A giant thank you to Pan Macmillan South Africa for sending me A Quiet Kind of Thunder by Sara Barnard, along with The Gilded Cage by Vic James and Freeks by Amanda Hockings in exchange for an honest review.
Title: A Quiet Kind of Thunder
Author: Sara Barnard
Publisher: Pan Macmillan
Date: January 2017
Rating: 4.3 stars
Steffi doesn’t talk, but she has so much to say.
Rhys can’t hear, but he can listen.
Their love isn’t a lightning strike, it’s the rumbling roll of thunder.
Steffi has been a selective mute for most of her life – she’s been silent for so long that she feels completely invisible. But Rhys, the new boy at school, sees her. He’s deaf, and her knowledge of basic sign language means that she’s assigned to look after him. To Rhys, it doesn’t matter that Steffi doesn’t talk, and as they find ways to communicate, Steffi finds that she does have a voice, and that she’s falling in love with the one person who makes her feel brave enough to use it.
A Quiet Kind of Thunder by Sara Barnard was all kinds of cute! I loved the fact that the cast was so diverse. The topic of social anxiety and mental health was explored in a very authentic way that made the protagonist realistic and relatable. It wasn’t glamorized but rather complicated and not always rational and that was something I could appreciate. I’ll be posting a detailed review on my blog next week. Thank you @panmacmillansa for sending me a copy!
I went into this novel expecting to enjoy it. It looked like a sweet, fluffy romance; one of those quick palette cleansers you read between high fantasy novels, like a little breather in between hectic series.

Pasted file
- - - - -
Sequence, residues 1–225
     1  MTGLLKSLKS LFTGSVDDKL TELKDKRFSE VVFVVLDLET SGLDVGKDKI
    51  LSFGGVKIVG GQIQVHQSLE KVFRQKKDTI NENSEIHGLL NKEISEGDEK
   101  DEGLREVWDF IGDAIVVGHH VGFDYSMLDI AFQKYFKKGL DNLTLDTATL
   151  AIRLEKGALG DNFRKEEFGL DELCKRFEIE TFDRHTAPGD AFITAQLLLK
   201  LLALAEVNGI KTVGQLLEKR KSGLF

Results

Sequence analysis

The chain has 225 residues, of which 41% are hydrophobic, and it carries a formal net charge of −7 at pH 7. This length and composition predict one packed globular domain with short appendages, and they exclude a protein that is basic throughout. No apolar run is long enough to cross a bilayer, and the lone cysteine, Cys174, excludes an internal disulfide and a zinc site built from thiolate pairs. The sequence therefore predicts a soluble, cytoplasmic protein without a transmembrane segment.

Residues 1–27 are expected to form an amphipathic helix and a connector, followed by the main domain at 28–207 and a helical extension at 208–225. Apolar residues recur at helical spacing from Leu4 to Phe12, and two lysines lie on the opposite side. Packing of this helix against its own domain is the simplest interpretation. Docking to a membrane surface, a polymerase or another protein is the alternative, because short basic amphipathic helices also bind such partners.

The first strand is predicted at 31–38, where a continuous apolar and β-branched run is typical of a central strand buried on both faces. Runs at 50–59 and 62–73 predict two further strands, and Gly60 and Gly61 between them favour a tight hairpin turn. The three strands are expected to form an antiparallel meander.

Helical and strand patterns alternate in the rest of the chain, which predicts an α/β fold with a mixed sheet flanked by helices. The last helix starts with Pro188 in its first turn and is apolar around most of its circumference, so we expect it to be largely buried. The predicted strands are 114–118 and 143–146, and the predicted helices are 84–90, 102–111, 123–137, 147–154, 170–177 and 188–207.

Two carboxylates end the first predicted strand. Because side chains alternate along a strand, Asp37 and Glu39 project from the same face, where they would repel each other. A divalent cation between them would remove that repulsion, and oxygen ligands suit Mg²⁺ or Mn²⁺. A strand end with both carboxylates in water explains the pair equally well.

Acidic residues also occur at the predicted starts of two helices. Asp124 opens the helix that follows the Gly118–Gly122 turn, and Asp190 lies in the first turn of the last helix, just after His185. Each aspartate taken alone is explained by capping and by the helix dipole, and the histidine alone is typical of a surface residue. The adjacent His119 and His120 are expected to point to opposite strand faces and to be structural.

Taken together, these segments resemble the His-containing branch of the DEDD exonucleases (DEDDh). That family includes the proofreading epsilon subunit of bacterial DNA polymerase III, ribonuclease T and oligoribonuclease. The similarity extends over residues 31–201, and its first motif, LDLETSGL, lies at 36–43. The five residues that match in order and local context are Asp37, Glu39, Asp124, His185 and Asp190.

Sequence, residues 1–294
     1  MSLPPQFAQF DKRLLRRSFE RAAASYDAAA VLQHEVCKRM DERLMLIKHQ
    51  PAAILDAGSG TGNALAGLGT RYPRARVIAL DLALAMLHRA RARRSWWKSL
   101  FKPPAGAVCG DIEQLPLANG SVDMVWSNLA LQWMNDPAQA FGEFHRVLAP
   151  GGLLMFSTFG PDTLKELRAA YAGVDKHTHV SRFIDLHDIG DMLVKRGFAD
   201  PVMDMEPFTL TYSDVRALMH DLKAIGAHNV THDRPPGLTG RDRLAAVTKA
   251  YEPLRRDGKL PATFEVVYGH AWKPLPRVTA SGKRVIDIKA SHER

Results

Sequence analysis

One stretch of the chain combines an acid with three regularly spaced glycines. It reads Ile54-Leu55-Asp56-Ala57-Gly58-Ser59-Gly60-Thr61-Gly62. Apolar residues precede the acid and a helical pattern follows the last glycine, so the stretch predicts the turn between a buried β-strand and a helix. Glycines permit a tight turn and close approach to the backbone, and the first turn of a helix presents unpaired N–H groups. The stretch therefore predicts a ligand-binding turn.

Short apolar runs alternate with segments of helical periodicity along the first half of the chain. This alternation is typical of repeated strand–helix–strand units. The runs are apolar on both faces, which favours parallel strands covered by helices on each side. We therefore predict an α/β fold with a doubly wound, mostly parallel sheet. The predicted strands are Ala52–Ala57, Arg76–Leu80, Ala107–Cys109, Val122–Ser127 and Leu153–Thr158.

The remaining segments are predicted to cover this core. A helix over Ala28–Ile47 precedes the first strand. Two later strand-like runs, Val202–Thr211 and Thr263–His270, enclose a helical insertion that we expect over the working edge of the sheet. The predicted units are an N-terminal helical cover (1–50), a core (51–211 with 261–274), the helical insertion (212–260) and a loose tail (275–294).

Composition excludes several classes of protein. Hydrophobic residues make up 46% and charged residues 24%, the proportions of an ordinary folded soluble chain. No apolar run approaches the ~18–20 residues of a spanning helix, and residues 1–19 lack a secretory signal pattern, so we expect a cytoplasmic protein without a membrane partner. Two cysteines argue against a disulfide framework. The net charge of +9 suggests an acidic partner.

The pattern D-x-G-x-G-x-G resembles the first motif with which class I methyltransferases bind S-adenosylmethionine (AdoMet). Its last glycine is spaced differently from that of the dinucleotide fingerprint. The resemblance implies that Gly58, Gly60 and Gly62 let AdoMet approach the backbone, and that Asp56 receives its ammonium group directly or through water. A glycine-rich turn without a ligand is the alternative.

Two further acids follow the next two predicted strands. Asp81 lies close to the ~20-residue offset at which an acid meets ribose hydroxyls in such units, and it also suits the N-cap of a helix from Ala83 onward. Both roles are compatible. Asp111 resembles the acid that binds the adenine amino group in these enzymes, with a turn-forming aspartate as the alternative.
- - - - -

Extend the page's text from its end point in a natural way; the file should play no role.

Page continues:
I was pleasantly surprise by how much I loved this novel. As a person who has dealt with anxiety and depression I can relate to a certain extend with Steffi, who suffers from severe social anxiety and as a result is a selective mute. However, I would love to know how the deaf community feels about the way in which Rhys was portrayed. I personally feel that Sara Barnard did a great job at researching and trying her best to be extremely respectful to both the deaf and mute communities. These portrayals felt authentic and weren’t filled with harmful tropes.
Getting back to the plot and characters, both Steffi and Rhys are instantly lovable. They’re these two teenagers who feel isolated from the world and have created their own little worlds in which they feel most comfortable.
On the one hand you have Steffi, who suffers from severe anxiety and is unable to talk to strangers. She’s given herself this year to prove to herself and her parents that despite being a selective mute, she can look after herself and go to university on her own next year.
On the other hand we have Rhys, who feels out of place in the hearing world and decides to challenge himself by taking 6th form in a main stream school. Much like Steffi, he would like to prove to himself and his parent that he will be able to take care of himself in the hearing world.
These two are introduced to each other at the start of the school year because they are able to communicate using BSL (British Sign Language). Soon their friendship begins to bloom and they find themselves falling in love with each other, but neither of them believes that they are good enough for the other.
This is a story of love and self discovering in a daunting world. A must read if you’re looking for a story that will make you grin like an idiot because Steffi and Rhys are just so cute together, while simultaneously breaking your heart and putting it back together for the heck of it.